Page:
WE’VE REPORTED a few times about the recent creationism issue that rocked Britain’s Royal Society. See, for example: Professor Reiss Loses Post at Royal Society. It’s no surprise that this imbroglio, affecting the highest levels of the British scientific community, continues to be a hot topic in the British press.
Harry Kroto — Sir Harold (Harry) Kroto, actually — winner of the 1996 Nobel Prize for chemistry, teaches at Florida State University. Many of you will recall that he was outspoken several months ago (“We’re the laughingstock of the enlightened world”) when Florida’s legislature was in the grip of a creationist frenzy, led by geniuses like Ronda Storms in the state Senate and Alan Hays, a retired dentist, in the House.
Sir Harry has written an article appearing in the UK’s Guardian: Blinded by a divine light, sub-titled “Creationists such as the Rev Reiss don’t have the intellectual integrity to teach science.” Here are some excerpts:
The editorial in the Guardian and various letters, such as that from the Bishop of Lincoln, contain a significant amount of self-righteous criticism of the Royal Society’s decision to ask the Rev Michael Reiss to resign from his position as Director of Science Education. It is clear that there is almost total ignorance about the real issues involved and a truly pathetic understanding of science – the culture that created the modern world – from anaesthetics and penicillin to jet engines and the internet.
Sir Harry is no diplomat, but he knows what he’s talking about. Here’s more:
Let me clarify the fundamental philosophical issue: the scientific mindset. Science is based solely on doubt-based, disinterested examination of the natural and physical world. It is entirely independent of personal belief. There is a very important, fundamental concomitant – that is to accept absolutely nothing whatsoever, for which there is no evidence, as having any fundamental validity. A lemma: one can of course have an infinite number of questions but only those questions that can be formulated in such a way that they can be subjected to detailed disinterested examination, and when so subjected reveal unequivocally and ubiquitously accepted data, may be significant.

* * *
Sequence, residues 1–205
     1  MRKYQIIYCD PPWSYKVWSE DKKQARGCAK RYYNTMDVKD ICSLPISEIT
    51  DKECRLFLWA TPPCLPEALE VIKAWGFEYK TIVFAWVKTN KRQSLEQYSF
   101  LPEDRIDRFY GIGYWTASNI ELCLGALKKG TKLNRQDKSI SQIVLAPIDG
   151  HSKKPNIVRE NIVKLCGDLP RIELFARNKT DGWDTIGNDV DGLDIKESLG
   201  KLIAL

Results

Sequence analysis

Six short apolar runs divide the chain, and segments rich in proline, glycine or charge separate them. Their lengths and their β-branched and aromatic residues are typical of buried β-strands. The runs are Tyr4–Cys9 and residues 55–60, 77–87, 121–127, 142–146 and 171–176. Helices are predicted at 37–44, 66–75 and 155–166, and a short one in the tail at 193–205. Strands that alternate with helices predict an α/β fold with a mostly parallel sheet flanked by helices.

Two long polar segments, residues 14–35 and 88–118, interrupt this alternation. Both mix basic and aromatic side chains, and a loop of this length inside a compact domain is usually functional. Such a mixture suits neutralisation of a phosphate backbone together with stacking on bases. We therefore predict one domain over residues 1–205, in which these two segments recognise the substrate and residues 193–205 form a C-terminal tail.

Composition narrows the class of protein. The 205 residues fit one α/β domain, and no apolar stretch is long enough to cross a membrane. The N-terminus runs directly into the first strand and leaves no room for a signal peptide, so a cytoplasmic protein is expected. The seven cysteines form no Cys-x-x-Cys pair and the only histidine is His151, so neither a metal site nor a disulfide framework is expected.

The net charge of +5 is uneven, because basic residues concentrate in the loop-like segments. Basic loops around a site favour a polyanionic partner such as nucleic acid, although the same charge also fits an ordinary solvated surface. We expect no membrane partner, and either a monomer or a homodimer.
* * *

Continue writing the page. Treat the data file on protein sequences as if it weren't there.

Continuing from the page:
That is one of the best paragraphs on this topic — perhaps the best — ever written in the English language. Go back and read it again; then be glad that such an intellect lives among us.
Another excerpt, just as well-written as the last one:
The plethora of more-or-less incompatible religious concepts that mankind has invented from Creationism and intelligent design to Christianity, Islam, Judaism, Buddhism, Mormonism, Scientology, Hinduism, Shinto, Shamanism etc, are all basically indistinguishable, from the freethinkers perspective. It really does not matter whether one believes a mystical entity created the universe 5,000 or 10,000 million years ago – both are equally irrational unsubstantiated claims of no fundamental validity.
Sir Harry goes on to express his complete agreement with the Rev Michael Reiss’ resignation from his position as Director of Science Education, saying:
I do not have a particularly big problem with scientists who may have some personal mystical beliefs – for all I know the President of the Royal Society may be religious. However, I, and many of my Royal Society colleagues, do have a problem with an ordained minister as Director of Science Education – this is a totally different matter. … Reiss cannot have his religious cake in church and eat the scientific one in the classroom. This is where the intellectual integrity issue arises – and it is the crucial issue in the Reiss affair.
Enough excerpts. We urge you to click over to the Guardian where you can read the entire article.